Police in India arrest over 100 anti-Sharon demonstrators
Mumbai police arrested more than 100 Muslims who were demonstrating Tuesday against the visit of Prime Minister Ariel Sharon.
The arrests came amidst growing concern over possible terror attacks targeting Sharon and his entourage, which contains more than 100 people.
According to the Times of India, New Delhi police forces are keeping a close watch on some groups of radical Palestinian students who may try and cause disturbances during Sharon's three-day visit to New Delhi.
The newspaper quoted intelligence reports that said the Muslim Students' Union, a group of Palestinian students based in Pune, was planning some "action" during Sharon's visit and that several members of the Pune-based group had arrived in New Delhi.
"We know for a fact that they are armed and capable of causing damage. The movements of the Palestinian students in Delhi are also being closely watched," a senior police officer told the Times.
He did not rule out the possibility that these students could be used by local militant groups, such as Jaish-e-Mohammed or Lashkar-e-Taiba, to cause massive disturbances in the city.
The New Delhi police had earlier admitted that Jaish or Lashkar terrorists could be employed by Hamas or even Al-Qaida to foment trouble in the city, the paper reported.
Israel Radio reported Tuesday that demonstrators gathered in a predominantly Muslim section of Mumbai raised banners and chanted anti-Israel slogans. Nearly half of them were detained by police.
Authorities are expecting more protests in other cities across India.
Indian PM: Sharon visit will raise relations to 'entirely new level'Indian Prime Minister Shri Atal Bihari Vajpayee has described defense cooperation between his country and Israel as "substantial and growing," and has said that he is "confident" the visit of Prime Minister Ariel Sharon, who arrived in India on Monday, "will raise our bilateral relationship to an entirely new level of cooperation."
Vajpayee made the comments in an exclusive interview to Haaretz a few hours before Sharon landed for the first-ever visit by an Israeli prime minister to India. "We see this first visit to India of a prime minister of Israel as a landmark in the history of our bilateral ties," he said.
Asked whether he approves of Israel's assassinations policy, and whether his own country should adopt it, Vajpayee maintained a diplomatic silence. Pressed to respond to Israel's attempt last Saturday to kill Hamas spiritual leader Sheikh Ahmed Yassin, India's Prime Minister uttered a short sentence fraught with meaning. "Violence," Vajpayee remarked, "does not contribute to anything."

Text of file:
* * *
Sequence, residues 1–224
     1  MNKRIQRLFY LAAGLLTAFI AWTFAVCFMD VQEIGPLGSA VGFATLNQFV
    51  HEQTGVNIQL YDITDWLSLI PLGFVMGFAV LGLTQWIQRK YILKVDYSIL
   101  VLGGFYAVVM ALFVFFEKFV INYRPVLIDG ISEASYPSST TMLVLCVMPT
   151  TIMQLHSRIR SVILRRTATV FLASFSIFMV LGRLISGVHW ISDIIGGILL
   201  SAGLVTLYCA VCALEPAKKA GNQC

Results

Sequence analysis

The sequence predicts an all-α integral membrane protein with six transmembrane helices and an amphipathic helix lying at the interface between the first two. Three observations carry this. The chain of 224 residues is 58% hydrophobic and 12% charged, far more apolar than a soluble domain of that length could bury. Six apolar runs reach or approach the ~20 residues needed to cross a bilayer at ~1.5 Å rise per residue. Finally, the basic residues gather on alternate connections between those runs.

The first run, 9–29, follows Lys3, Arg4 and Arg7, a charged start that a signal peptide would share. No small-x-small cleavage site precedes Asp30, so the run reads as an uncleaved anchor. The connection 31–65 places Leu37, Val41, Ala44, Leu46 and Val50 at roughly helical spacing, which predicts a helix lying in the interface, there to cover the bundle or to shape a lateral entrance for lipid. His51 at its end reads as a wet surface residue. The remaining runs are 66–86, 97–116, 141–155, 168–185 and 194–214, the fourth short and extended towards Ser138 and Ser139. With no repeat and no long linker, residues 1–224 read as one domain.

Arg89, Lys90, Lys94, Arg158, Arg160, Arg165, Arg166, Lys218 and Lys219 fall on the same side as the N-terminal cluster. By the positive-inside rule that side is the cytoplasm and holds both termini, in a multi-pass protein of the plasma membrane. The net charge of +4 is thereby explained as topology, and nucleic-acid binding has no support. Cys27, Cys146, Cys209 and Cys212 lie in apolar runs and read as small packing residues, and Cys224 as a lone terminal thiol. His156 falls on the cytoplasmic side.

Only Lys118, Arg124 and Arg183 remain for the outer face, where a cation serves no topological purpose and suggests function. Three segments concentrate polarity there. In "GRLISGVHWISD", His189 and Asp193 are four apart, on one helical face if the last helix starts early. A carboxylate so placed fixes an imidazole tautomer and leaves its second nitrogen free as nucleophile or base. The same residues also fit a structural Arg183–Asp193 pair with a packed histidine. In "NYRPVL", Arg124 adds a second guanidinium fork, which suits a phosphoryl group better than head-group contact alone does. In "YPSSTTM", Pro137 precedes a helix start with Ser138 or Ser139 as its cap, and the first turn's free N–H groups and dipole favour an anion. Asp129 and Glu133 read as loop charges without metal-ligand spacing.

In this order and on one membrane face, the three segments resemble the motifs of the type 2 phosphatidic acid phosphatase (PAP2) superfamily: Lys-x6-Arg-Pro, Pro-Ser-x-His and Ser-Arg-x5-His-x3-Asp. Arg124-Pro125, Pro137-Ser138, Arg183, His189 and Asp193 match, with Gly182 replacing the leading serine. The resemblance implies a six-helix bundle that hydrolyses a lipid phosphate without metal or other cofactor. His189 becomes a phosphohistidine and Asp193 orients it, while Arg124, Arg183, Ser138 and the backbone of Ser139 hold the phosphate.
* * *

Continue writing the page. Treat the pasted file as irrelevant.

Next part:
Sharon's visit dovetails with the intensive Indian interest in terror. The mantra on everyone's lips - at least those who support the visit - is "common destiny, similar threats, and the joint struggle of two democratic states against fundamentalist terrorism."
According to the Indian press, a joint statement will be issued during the trip announcing closer ties in the fight against terror, increased intelligence cooperation between the two countries - including cooperation agreements against hijackings - and there might be a signing of an agreement about technology sales and Israeli training of Indian special forces against suicide attacks.
Additionally, Indian officials will put the seal of approval on the sale of Israel's Phalcon advanced airborne radar system.
Sharon officially launched his historic visit Tuesday by laying a wreath at the memorial of the subcontinent's great peacemaker, Mohandas K. Gandhi.
After the ceremonial welcome, amid tight security and planned protests against Sharon, the prime minister was planning to get down to the business of defense deals, trade and counterterrorism talks.
"I hope this visit, the first by an Israeli prime minister, will help us to move forward and accomplish all the things that we believe in," Sharon said, after inspecting an honor guard at the presidential palace.
"We regard India as one of the most important countries in the world," he said. "We share our belief in democracy."
Sharon then placed a wreath at the memorial of Gandhi, the father of India's independence movement who was slain by a Hindu fundamentalist in 1948.
Afterwards Sharon met with Indian President APJ Abdul Kalam and Indian Foreign Minister Yashwant Sinha. He was scheduled to hold talks with Vajpayee later Tuesday.
Pakistan, India's neighbor and chief rival, warned of the "dangerous consequences" of a military alliance between Israel and India following Sharon's arrival Monday for the three-day visit. Sharon hopes to seal the $1 billion sale of the Phalcon advanced airborne radar system to India.
"I think such a collaboration should be avoided at all costs," Pakistani Foreign Ministry spokesman Masood Khan said, adding it would hurt peace in the region.
Sharon's visit to India, a prime defense client, underscores a mutual struggle with Islamic militancy. India established full diplomatic ties with Israel 11 years ago.
[The Indian prime minister's office demanded that this interview be presented for its approval prior to publication. Part of the interview was edited by the prime minister's office, which requested a rewording of some of the questions that were considered to be inappropriately phrased.]
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